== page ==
The current Union Pacific corporation began in 1969 as the Southern Pacific Transportation Company, itself created in a reorganization of a railroad whose legacy dated to 1865. Over the years it would grow to include the Denver and Rio Grande Western Railroad and the St. Louis Southwestern Railway, in addition to its eponymous railroad; the 1998 Union Pacific-Southern Pacific merger was not UP's first: Union Pacific had merged with Missouri Pacific Railroad, the Chicago and North Western Transportation Company, the Western Pacific Railroad and the Missouri–Kansas–Texas Railroad. However, because the merger with Southern Pacific changed the scope of the Union Pacific railroad, this article will refer to the unmerged system as Union Pacific, the merged system as Union Pacific. Union Pacific's main competitor is the BNSF Railway, the nation's largest freight railroad by volume, which primarily services the Continental U. S. west of the Mississippi River. Together, the two railroads have a duopoly on all transcontinental freight rail lines in the U.
S. The original company, the Union Pacific Rail Road was incorporated on July 1, 1862, under an act of Congress entitled Pacific Railroad Act of 1862; the act was approved by President Abraham Lincoln, it provided for the construction of railroads from the Missouri River to the Pacific as a war measure for the preservation of the Union. It was constructed westward from Council Bluffs, Iowa to meet the Central Pacific Railroad line, constructed eastward from Sacramento, CA; the combined Union Pacific-Central Pacific line became known as the First Transcontinental Railroad and the Overland Route. The line was constructed by Irish labor who had learned their craft during the recent Civil War. Under the guidance of its dominant stockholder Dr. Thomas Clark Durant, the namesake of the city of Durant, the first rails were laid in Omaha; the two lines were joined together at Promontory Summit, Utah, 53 miles west of Ogden on May 10, 1869, hence creating the first transcontinental railroad in North America.
Subsequently, the UP purchased three Mormon-built roads: the Utah Central Railroad extending south from Ogden to Salt Lake City, the Utah Southern Railroad extending south from Salt Lake City into the Utah Valley, the Utah Northern Railroad extending north from Ogden into Idaho. The original UP was entangled in the Crédit Mobilier scandal, exposed in 1872; as detailed by The Sun, Union Pacific's largest construction company, Crédit Mobilier, had overcharged Union Pacific. In order to convince the federal government to accept the increased costs, Crédit Mobilier had bribed congressmen. Although the UP corporation itself was not guilty of any misdeeds, prominent UP board members had been involved in the scheme; the ensuing financial crisis of 1873 led to a credit crunch, but not bankruptcy. As boom followed bust, the Union Pacific continued to expand; the original company was purchased by a new company on January 24, 1880, with dominant stockholder Jay Gould. Gould owned the Kansas Pacific, sought to merge it with UP.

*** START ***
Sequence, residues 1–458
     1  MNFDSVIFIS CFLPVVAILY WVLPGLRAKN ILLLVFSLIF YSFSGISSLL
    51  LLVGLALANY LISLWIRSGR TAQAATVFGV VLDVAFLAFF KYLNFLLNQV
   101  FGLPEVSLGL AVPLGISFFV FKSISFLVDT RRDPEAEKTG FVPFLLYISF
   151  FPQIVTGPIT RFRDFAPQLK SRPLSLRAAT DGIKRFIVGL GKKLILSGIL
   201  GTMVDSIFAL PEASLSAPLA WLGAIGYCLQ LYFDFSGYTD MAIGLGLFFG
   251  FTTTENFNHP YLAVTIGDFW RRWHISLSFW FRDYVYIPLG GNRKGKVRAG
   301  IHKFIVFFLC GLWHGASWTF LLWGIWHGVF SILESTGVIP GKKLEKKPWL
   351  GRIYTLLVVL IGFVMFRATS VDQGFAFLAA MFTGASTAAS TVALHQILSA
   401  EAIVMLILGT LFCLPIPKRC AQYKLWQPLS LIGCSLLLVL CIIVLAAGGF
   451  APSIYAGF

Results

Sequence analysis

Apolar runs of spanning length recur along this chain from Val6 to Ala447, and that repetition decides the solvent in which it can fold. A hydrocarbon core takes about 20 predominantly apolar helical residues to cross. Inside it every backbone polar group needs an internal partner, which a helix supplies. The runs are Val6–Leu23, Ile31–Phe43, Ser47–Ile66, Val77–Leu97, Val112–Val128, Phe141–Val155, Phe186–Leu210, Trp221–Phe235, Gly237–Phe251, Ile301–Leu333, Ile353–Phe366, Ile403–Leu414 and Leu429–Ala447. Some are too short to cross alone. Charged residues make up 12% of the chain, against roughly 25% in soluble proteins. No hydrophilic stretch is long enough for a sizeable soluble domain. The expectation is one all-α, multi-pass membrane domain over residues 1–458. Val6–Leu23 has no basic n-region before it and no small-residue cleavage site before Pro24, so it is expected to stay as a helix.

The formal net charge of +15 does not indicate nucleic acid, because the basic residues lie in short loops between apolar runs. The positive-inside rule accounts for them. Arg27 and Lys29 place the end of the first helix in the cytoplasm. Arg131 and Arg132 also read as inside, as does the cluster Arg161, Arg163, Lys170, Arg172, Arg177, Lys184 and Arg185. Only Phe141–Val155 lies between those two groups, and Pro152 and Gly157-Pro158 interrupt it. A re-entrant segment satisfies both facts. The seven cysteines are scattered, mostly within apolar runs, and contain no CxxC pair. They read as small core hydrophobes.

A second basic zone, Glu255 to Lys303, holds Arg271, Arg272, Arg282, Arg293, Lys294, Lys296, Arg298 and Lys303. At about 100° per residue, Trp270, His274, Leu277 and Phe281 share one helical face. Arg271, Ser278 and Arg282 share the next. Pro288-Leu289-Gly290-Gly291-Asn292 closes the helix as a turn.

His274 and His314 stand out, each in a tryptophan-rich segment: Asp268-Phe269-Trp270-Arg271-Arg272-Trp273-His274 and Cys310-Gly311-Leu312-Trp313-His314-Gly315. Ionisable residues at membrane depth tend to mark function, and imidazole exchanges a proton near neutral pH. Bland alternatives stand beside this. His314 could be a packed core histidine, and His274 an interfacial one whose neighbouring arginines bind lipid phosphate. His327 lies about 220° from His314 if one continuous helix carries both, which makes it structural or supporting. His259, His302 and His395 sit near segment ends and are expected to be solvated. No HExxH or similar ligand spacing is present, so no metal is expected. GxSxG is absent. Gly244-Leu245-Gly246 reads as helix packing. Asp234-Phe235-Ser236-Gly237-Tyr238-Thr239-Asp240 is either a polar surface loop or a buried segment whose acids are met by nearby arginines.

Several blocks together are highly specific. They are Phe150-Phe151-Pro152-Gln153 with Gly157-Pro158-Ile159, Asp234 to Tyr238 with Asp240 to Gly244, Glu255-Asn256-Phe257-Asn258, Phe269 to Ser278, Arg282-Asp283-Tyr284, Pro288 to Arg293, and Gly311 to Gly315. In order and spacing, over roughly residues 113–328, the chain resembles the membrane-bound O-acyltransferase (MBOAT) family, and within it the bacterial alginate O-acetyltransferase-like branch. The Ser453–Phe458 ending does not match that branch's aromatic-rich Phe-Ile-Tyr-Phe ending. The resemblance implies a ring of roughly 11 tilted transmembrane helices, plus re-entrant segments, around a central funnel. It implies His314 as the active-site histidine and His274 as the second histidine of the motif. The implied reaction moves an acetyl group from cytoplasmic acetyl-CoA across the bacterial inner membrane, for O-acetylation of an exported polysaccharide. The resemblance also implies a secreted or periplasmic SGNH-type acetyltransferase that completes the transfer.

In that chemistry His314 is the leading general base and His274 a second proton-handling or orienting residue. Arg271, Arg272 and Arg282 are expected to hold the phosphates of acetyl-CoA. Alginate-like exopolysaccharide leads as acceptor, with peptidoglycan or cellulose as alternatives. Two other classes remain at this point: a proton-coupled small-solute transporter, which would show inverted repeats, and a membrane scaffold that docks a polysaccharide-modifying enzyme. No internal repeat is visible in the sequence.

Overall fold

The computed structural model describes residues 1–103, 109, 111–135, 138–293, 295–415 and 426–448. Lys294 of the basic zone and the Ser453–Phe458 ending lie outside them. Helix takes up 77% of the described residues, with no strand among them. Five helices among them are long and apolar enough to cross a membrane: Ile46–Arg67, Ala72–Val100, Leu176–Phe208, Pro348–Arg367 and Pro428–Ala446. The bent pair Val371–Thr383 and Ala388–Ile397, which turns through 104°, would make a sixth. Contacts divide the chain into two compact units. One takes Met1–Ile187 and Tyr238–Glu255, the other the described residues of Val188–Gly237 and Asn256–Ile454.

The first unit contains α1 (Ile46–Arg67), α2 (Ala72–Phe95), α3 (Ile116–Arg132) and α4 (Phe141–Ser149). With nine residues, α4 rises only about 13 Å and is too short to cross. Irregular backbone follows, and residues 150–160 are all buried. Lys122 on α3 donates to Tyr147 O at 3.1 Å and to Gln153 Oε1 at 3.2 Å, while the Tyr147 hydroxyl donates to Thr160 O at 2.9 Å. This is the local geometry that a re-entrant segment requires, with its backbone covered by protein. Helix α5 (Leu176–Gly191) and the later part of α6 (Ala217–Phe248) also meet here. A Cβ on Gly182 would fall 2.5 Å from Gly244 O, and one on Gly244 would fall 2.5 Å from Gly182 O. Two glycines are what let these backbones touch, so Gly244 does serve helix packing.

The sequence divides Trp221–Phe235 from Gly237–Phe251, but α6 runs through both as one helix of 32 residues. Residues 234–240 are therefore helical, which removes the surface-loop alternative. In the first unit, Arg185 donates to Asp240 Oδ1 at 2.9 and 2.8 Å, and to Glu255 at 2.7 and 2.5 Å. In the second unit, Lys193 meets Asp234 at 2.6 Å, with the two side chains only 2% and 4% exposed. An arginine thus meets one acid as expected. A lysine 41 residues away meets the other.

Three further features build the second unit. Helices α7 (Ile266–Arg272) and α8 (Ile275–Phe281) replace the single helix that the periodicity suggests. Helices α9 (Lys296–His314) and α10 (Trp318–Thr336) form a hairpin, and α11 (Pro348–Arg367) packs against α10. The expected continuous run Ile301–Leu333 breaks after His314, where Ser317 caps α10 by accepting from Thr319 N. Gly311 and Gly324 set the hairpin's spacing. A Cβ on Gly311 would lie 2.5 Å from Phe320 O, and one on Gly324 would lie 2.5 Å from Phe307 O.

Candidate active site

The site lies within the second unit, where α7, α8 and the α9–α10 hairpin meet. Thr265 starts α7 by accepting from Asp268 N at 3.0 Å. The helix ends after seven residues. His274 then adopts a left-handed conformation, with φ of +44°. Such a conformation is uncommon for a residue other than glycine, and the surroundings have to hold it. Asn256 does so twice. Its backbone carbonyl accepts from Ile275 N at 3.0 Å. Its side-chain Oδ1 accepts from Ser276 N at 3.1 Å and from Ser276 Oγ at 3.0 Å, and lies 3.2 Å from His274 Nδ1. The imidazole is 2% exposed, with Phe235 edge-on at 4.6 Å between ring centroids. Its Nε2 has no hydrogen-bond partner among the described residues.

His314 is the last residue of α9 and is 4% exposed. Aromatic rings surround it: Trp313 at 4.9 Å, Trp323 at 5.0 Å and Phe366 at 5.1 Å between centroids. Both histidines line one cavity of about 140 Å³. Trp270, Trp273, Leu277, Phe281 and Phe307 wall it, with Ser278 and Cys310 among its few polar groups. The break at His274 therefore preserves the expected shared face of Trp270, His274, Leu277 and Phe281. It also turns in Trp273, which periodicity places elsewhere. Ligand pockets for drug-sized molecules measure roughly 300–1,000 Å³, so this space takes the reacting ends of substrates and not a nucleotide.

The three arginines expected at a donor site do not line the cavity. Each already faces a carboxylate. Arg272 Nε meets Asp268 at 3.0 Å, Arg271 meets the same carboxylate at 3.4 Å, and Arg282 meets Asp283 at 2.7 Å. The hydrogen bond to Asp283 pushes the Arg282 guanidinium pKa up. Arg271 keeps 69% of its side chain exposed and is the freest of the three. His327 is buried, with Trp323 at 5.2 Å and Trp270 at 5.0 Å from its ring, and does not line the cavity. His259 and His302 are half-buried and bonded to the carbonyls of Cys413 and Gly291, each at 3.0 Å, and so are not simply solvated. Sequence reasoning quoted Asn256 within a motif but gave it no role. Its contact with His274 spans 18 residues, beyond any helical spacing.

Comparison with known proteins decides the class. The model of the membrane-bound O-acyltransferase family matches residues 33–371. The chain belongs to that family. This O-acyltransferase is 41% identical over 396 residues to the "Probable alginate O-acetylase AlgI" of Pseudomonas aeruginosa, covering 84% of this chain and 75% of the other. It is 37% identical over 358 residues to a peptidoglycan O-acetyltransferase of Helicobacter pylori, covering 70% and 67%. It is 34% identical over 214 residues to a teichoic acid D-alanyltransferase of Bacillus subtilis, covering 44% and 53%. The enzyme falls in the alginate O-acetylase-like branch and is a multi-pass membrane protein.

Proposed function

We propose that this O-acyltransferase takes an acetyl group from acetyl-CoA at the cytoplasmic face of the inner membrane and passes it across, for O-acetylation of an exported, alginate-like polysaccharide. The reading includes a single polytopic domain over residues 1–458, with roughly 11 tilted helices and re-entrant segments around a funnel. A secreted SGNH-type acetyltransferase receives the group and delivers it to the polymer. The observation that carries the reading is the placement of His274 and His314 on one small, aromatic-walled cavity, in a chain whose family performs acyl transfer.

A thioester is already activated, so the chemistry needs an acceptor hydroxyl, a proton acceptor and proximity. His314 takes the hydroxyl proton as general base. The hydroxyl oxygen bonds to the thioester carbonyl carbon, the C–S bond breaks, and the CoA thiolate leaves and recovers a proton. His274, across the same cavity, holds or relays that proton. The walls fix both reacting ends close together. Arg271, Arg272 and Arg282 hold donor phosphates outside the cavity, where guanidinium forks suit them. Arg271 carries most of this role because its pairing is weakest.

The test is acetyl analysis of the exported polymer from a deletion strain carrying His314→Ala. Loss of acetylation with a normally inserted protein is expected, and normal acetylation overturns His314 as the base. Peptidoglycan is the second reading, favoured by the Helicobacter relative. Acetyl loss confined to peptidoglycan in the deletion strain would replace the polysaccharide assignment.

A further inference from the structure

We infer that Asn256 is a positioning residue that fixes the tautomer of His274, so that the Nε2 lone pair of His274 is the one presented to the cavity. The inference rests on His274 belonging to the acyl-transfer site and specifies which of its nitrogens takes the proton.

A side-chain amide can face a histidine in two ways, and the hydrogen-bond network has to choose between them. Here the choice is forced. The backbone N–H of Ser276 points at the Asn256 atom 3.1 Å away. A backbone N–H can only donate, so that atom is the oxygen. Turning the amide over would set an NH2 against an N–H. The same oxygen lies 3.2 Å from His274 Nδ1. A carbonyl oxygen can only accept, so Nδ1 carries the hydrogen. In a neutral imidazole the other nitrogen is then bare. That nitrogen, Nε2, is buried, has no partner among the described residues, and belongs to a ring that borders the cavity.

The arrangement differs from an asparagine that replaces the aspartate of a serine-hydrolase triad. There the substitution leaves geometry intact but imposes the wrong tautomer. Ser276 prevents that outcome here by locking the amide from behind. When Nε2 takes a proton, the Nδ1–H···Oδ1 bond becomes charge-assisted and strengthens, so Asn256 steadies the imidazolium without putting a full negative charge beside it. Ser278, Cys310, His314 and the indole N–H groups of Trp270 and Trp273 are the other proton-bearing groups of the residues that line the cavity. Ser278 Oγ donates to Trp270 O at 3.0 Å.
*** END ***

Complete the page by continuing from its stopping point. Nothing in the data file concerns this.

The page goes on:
Thusly was the original "Union Pacific Rail Road" transformed into "Union Pacific Railway."Extending towards the Pacific Northwest, Union Pacific built or purchased local lines that gave it access to Portland, Oregon. Towards Colorado, it built the Union Pacific and Gulf Railway: both narrow gauge trackage into the heart of the Rockies and a standard gauge line that ran south from Denver, across New Mexico, into Texas; the Union Pacific Railway would declare bankruptcy during the Panic of 1893. Again, a new Union Pacific "Railroad" was formed and Union Pacific "Railway" merged into the new corporation. In the early 20th century, Union Pacific's focus shifted from expansion to internal improvement. Recognizing that farmers in the Central and Salinas Valleys of California grew produce far in excess of local markets, Union Pacific worked with its rival Southern Pacific to develop a rail-based transport system, not vulnerable to spoilage; these efforts came culminated in the 1906 founding of
A county seat is an administrative center, seat of government, or capital city of a county or civil parish. The term is used in Canada, Romania and the United States. County towns have a similar function in the United Kingdom and Republic of Ireland, in Jamaica. In most of the United States, counties are the political subdivisions of a state; the city, town, or populated place that houses county government is known as the seat of its respective county. The county legislature, county courthouse, sheriff's department headquarters, hall of records and correctional facility are located in the county seat though some functions may be located or conducted in other parts of the county if it is geographically large. A county seat is but not always, an incorporated municipality; the exceptions include the county seats of counties that have no incorporated municipalities within their borders, such as Arlington County, Virginia. Ellicott City, the county seat of Howard County, is the largest unincorporated county seat in the United States, followed by Towson, the county seat of Baltimore County, Maryland.